Arab Strap's version of romance might well be scarred and battered, but it's a romance that's real and breathtakingly recognisable.
Has it really been 10 years? Christ, for Arab Strap, anything more than the one pissed-up night probably constitutes a long-term relationship, so 10 years is an achievement indeed. In truth, it doesn't feel like that long since Aiden Moffat and Malcolm Middleton's late night and stinging morning stories of sex, booze, and Falkirk came crawling from the gutter and quietly grabbed our attention. Since the Strap released The Weekend Never Starts Round Here in 1996, their career has been a sticky, stumbling trawl through the pubs and clubs of Scotland, leaving behind a thousand stained sheets and messy mornings. Their songs wallow in the uncomfortable reality of the lives we live, facing the bitterness of love and lust, and giving a voice to the unspeakable truths we daren't utter ourselves.
Like a council estate Tindersticks, or the Bad Seeds on the dole, their sound has typically been a funeral procession of stretched-out laments, casual lovers, and intense affairs, set to a stark, whispered backing of whirring drum machines and creeping guitars. Here, although Moffat is still battling with the same demons of lust and alienation he has documented for more than a decade, there is something of a newfound hope running through the songs, which are the most upbeat and downright catchy Arab Strap have ever written.
The Last Romance starts with the urgent, sinister riff and sneered chorus of "Stink", an acerbic tirade sung from a hungover Monday morning, tinged with false regrets. That the album continues in a vein of tuneful, if not exactly danceable skewed pop, is as surprising as it is exhilarating, with both, "(If There's) No Hope for Us" and "Dream Sequence" hitting you like a punch to the gut. Elsewhere, "There's No Ending" is, whisper it, almost sing-a-long. Though the references to bird flu, paedophiles, and terrorists in the lyrics mean that it's probably best to avoid humming the song too loudly in ASDA. It's actually a stirring love song that, if there were any taste and decency in the world, would be a massive hit. Moffat sings lines like, "If you can love my growing gut, my rotten teeth, and greying hair / Then I can guarantee I'll do the same as long as you can bear" and "I'm a huffy prick the best of times / I love to sulk and shout and squeal / But please don't doubt the way I feel", and it's about as tenderly loved-up as the Strap have ever sounded.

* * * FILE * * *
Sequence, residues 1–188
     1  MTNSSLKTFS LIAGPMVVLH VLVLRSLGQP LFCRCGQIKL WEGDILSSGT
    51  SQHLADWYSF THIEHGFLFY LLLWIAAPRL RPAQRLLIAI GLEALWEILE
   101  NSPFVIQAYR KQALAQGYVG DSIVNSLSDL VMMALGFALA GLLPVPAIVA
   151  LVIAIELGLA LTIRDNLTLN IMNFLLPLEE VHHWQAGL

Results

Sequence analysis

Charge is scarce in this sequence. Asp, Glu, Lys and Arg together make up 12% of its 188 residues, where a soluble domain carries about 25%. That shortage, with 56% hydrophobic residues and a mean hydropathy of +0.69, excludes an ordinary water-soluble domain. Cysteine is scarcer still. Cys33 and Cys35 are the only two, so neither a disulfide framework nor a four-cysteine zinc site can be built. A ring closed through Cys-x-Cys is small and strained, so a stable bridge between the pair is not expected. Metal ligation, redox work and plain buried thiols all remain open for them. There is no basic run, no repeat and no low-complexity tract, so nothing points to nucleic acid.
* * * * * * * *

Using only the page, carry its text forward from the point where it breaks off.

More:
Most of what gets written about Arab Strap tends to focus on Aiden Moffat's unsettlingly frank, "did he really just say that?!" lyrics, which are still cataloguing a never ending stream of sexual manoeuvres (witness the albums charming opening line, "Burn these sheets that we've just fucked in"). That said, however, the shock impact of many of his earlier songs has been toned down, and Moffat has allowed just a tiny bit of warmth to seep into his words, which are among the best he's ever written. The lyrics here are rattled off with an Irvine Welsh-esque flair, and are stark, deliciously funny, and dripping with a harsh poeticism. He sings about bitter, heartbreaking break-ups ("(If There's) No Hope for Us") and breathless, booze-fuelled hook-ups ("Speed-Date") with the compassion and attention to detail that prove him a very fine writer indeed. It should be mentioned as well that Moffat's lyrics have never been quite as brilliantly bound together with bandmate Malcolm Middleton's music. The tuneful flourishes of punchy guitar and rolling piano means that a band who could never before be described as easy to listen to now sound alluring and instant.
The press release for this album comes with the drivel that Arab Strap are "for fans of Franz Ferdinand, as the Scottish Invasion continues". It's bullshit, really, because while the likes of Franz Ferdinand strive to look good on the dancefloor, Arab Strap are still observing the Saturday night scene looking pissed at the bar. Theirs is not a world of pristine hair and shiny suits, but a seedier reality of last chances and desperate romance. And as tuneful as these songs frequently are, Arab Strap still offer a grubby and welcome alternative to the smiling indie poster boys whose careful poses charmlessly sell in the millions.
It is astonishing that after a 10-year long affair Arab Strap can make a record as compelling as this. The unsettling crawl of an album like 1997's Philophobia has been eschewed in favour of a more direct approach, and it seems to have reinvigorated the band's songwriting. Their version of romance might well be scarred and battered, but it's a romance that's real. They still occupy an essential place, where the wasted and fiery nights out always have to give way to the grey and often doomed realities of modern life. A place where the person you went to bed with last night looks different in the sober daylight. That they have taken these themes and made an album that is so alive, angry, and even joyous is nothing short of a triumph. The Last Romance is a magnificent, boldly romantic record, alive with a surprising and thrilling universal appeal.